Both gorals were fine old rams with perfect horns. Their hair was thick and soft, pale olive-buff tipped with brownish, and the legs on the "cannon bones" were buff-yellow like the margins of the throat patches. Their color made them practically invisible against the rocks and when I killed the second goral my only distinct impression as he dashed down the face of the precipice, was of four yellowish legs entirely separated from a body which I could hardly see.

This invisibility, combined with the fact that the Snow Mountain gorals lived on almost inaccessible cliffs thickly covered with scrub spruce forest, made "still hunting" impossible. In fact, Baron Haendel-Mazzetti, who had explored this part of the Snow Mountains fairly thoroughly in his search for plants, had never seen a goral, and did not know that such an animal existed there.

Heller hunted for two days in succession and, although he saw several gorals, he was not successful in getting one until we had been in camp almost a week. His was a young male not more than a year old with horns about an inch long. It was a valuable addition to our collection for I was anxious to obtain specimens of various ages to be mounted as a "habitat group" in the Museum and we lacked only a female.

The preparation of the group required the greatest care and study. First, we selected a proper spot to reproduce in the Museum, and Yvette took a series of natural color photographs to guide the artist in painting the background. Next she made detail photographs of the surroundings. Then we collected portions of the rocks and typical bits of vegetation such as moss and leaves, to be either dried or preserved in formalin. In a large group, perhaps several thousand leaves will be required, but the field naturalist need select typical specimens of only five or six different sizes from each of which a plaster mold can be made at the Museum and the leaves reproduced in wax.

After two days of rain during which I had a hard and unsuccessful hunt for serows we decided to return to the temple at the foot of the mountain which was nearer to the forests inhabited by these animals. We had already been in our camp on the meadow for nine days and, besides the gorals, had gathered a large and valuable collection of small mammals. The shrews were especially varied in species and, besides a splendid series of meadow voles, Asiatic mice and rats, we obtained a new weasel and a single specimen of a tiny rock-cony or little chief hare, an Asiatic genus (Ochotona) which is also found in the western part of North America on the high slopes of the Rocky Mountains. Although we set dozens of traps among the rocks we did not get another on the entire expedition nor did we see indications of their presence in other localities.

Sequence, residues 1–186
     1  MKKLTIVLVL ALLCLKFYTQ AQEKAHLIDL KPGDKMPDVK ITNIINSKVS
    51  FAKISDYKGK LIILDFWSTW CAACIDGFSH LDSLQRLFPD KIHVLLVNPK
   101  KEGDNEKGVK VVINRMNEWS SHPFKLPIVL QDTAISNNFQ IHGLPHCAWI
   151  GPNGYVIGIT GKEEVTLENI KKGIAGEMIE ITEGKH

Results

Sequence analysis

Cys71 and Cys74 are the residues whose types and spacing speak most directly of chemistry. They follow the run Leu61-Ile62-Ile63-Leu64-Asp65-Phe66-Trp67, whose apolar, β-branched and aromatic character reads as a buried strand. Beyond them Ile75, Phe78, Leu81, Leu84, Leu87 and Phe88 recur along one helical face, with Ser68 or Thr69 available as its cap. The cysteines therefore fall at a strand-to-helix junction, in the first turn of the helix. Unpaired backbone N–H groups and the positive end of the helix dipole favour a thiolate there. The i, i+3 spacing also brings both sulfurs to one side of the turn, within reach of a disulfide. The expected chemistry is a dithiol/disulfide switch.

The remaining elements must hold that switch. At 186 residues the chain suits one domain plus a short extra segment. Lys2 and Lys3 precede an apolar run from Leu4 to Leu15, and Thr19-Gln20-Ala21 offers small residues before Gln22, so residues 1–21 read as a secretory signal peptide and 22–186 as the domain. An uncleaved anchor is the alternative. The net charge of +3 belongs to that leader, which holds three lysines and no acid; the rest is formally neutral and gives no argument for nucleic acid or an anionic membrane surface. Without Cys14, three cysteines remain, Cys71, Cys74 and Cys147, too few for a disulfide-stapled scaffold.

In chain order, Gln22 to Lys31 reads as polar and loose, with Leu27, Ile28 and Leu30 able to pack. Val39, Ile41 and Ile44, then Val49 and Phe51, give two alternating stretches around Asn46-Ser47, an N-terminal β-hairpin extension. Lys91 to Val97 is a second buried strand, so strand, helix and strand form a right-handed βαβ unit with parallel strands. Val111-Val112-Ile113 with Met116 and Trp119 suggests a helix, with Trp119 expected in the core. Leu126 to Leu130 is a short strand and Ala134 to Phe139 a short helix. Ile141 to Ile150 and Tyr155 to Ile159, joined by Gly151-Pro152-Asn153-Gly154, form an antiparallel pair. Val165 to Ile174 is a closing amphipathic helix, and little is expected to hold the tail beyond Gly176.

The almost complete absence of carnivores at this camp was a great surprise. Except for weasels we saw no others and the hunters said that foxes or civets did not occur on this side of the mountain even though food was abundant.

On the day before we went to the temple I had a magnificent hunt. We left camp at daylight in a heavy fog and almost at once the dogs took up a serow trail. We heard them coming toward us as we stood at the upper edge of a little meadow and expected the animal to break cover any moment, but it turned down the mountain and the hounds lost the trail in the thick spruce woods.

We climbed slowly toward the cliffs until we were well above the clouds, which lay in a thick white blanket over the camp, and headed for the canon where I had shot my second goral. Hotenfa wished to go lower down into the forests but I prevailed upon him to stay along the open slopes and, while we were resting, the big red dog suddenly gave tongue on a ridge above and to the right of us. It was in the exact spot where my second goral had been started and we were on the qui vive when the rest of the pack dashed up the mountain-side to join their leader.

In a few moments they all gave tongue and we heard them swinging about in our direction. Just then the clouds, which had been lying in a solid bank below us, began to drift upward in a long, thin finger toward the canon. On and on it came, and closer sounded the yelps of the dogs. I was trembling with impatience and swearing softly as the gray vapor streamed into the gorge. The cloud thickened, sweeping rapidly up the ravine, until we were enveloped so completely that I could hardly see the length of my gun barrel. A moment later we heard the goral leaping down the cliff not a hundred yards away.

With the rifle useless in my hands I listened to each hoof beat and the stones which his flying feet sent rattling into the gorge. Then the dogs came past, and we heard them follow down the rocks, their yelps growing fainter and fainter in the valley far below. The goral was lost, and as though the Fates were laughing at us, ten minutes later a puff of wind sucked the cloud out of the canon as swiftly as it had come, and above us shone a sky as clear and blue as a tropic sea.

Hotenfa's disgust more than equaled my own for I had loaned him my three-barrel gun (12 gauge and .303 Savage) and he was as excited as a child with a new toy. He was a remarkably intelligent man and mastered the safety catches in a short time even though he had never before seen a breach-loading gun.

There was nothing to do but hurry down the mountain for the dogs might bring the goral to bay on one of the cliffs below us, and in twenty minutes we stood on a ridge which jutted out from the thick spruce forest. One of the hunters picked his way down the rock wall while Hotenfa and I circled the top of the spur.